Point of No Return

Shootin' the Breeze

girl with puppy
The young teen had her puppy on a leash at the summer festival. The puppy was being exposed to a crowd of people, strange smells, and loud sounds, including music. I guessed that she was socializing the puppy. She kept reassuring him and he stayed calm, trusting her apparently.

It was a German Shepherd, about 12 weeks old, she told me. The puppy did not pull on its leash, even at that young age. It was sitting right by its owner’s leg, alertly taking it all in.

A dog lover myself, I complimented her well-behaved pet. I told her it was a good-looking dog and seemed very intelligent. Thinking of a stereotype for the breed, I even asked whether she was training it to be a guide dog.

“Not exactly,” she said. “This puppy is blind. I suppose you could say that I am guiding him.”

“Oh my,” I exclaimed…

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Love Is Not Abstract

It was a good funeral for a good man.

Martin’s funeral was yesterday. We used to practice law in the same firm a couple decades ago. I liked him. When I learned of his death, I planned to attend the funeral and I am glad that I did.

His widow, grown daughters, sons in law, grandchildren, and even one great grandchild filled the first several pews of the sanctuary. Part of the service involved some of his granddaughters giving sweet tributes to him. It was clear that they loved their grampa and are sadly mourning his new absence from their lives. They will miss his involvement with them on this side of Heaven.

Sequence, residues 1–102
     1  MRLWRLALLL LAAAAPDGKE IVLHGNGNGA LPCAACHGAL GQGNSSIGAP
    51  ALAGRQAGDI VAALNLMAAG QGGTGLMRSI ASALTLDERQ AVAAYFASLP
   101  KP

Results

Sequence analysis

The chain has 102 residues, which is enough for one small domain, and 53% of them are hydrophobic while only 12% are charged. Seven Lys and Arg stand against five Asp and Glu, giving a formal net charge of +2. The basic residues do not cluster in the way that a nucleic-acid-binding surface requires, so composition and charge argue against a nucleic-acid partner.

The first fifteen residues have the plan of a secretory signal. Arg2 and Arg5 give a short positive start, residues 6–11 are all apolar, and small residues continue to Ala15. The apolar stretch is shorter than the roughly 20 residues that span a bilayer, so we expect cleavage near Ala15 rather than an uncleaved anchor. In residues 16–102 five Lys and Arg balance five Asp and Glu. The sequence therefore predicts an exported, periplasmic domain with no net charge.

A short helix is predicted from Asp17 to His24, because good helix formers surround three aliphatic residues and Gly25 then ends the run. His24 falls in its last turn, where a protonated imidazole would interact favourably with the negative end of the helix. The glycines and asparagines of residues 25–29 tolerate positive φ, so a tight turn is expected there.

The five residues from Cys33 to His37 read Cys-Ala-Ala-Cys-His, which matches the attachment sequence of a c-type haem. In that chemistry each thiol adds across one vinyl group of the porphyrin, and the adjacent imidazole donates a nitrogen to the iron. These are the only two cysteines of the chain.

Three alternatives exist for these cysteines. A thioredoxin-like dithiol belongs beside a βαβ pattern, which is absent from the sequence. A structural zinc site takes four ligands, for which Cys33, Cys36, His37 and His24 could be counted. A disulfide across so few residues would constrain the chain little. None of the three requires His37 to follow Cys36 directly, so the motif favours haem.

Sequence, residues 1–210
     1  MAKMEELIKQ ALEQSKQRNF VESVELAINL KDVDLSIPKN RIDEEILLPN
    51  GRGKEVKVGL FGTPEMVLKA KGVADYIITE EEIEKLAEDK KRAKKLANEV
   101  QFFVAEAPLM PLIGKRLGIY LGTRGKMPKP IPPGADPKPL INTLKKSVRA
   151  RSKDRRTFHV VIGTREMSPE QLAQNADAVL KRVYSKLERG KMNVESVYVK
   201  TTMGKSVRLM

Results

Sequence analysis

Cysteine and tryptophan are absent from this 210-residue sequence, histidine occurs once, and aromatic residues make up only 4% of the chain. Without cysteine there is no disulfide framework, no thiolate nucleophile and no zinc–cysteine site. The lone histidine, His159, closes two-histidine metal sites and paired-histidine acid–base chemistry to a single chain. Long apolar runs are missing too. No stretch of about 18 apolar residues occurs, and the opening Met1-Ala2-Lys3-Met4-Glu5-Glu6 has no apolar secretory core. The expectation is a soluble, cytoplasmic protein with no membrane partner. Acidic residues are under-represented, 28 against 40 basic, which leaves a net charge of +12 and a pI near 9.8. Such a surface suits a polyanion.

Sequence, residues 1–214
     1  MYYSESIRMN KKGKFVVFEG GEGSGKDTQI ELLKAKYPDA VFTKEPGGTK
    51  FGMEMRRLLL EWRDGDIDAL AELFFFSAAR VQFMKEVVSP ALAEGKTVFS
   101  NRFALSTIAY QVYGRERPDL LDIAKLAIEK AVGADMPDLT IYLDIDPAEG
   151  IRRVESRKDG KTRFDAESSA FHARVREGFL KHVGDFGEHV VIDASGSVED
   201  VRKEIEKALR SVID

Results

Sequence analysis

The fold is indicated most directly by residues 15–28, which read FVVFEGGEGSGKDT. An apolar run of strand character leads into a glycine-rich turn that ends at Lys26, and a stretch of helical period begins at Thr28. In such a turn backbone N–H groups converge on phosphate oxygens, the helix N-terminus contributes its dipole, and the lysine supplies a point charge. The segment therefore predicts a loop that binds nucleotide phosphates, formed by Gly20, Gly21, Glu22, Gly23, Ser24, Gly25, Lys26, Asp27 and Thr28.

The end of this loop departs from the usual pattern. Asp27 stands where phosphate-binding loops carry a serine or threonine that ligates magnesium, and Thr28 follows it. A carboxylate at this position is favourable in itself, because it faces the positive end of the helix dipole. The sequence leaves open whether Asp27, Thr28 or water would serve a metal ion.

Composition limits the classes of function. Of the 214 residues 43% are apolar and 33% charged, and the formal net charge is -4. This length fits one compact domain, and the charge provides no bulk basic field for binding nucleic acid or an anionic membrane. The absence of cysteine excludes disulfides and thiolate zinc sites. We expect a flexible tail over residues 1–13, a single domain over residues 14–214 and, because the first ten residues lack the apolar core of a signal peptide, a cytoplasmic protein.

The priest gave a good homily. He referred to the many references to love in the abstract in our culture — in songs and romantic movies, in advertising and Valentine cards. But in reality, love is not abstract. It is concrete. It is shown in how we participate in each others’ lives. It is shown in how we interact with our family and friends. It is demonstrated in how we live with our spouses.

And here is a powerful truth: Love does not die. It lasts well after a loved one leaves this life.

I have no doubt that Martin was, and is still, well-loved. He must have loved those people who miss him so because they clearly loved him and always will. I believe that Martin still loves them right back.

The Power of Positive Thinking

cattlein hayfield
My nephew Sam brought his wife and son to visit our ranch. Kingsley, Sam’s little boy, was barely three, but already a very good talker with an impressive vocabulary and clear pronunciation.

I offered to take him out to the pasture to see some animals while his parents talked to Sugar because, well, Kingsley and I are men of action. We don’t much cotton to sitting around jawin’ in the courtyard. We set out on our own. Kingsley rode on my shoulders.

He commented on what he was seeing from on high. We talked about various things. We walked about a half mile before we found the livestock, him on my shoulders and me with my bum knees. But I tell you what — I was enjoying myself. I love hanging out with children. I do not get to see my own grandchildren much. It was a real treat to spend time with Kingsley.

As we got near the horses, Kingsley wondered out loud whether horses could step on “somebody.” I pointed out that he was on my shoulders and thus safe from getting stepped upon. He liked that idea. We petted the horses and talked a little about cows too. We noted that cows are big animals also.

Kingsley told me, emphatically and with utter confidence, “Those cows are not going to step on me.” And he was correct. No cow, nor any horse, stepped on him that day. None of them stepped on me either, and I wasn’t even riding on anyone’s shoulders.

As I walked back with Kingsley on my shoulders, we heard some thunder. Kingsley assured me that “It won’t rain on us before we get back to the house.” And, by golly, he was right again. It did not rain on us.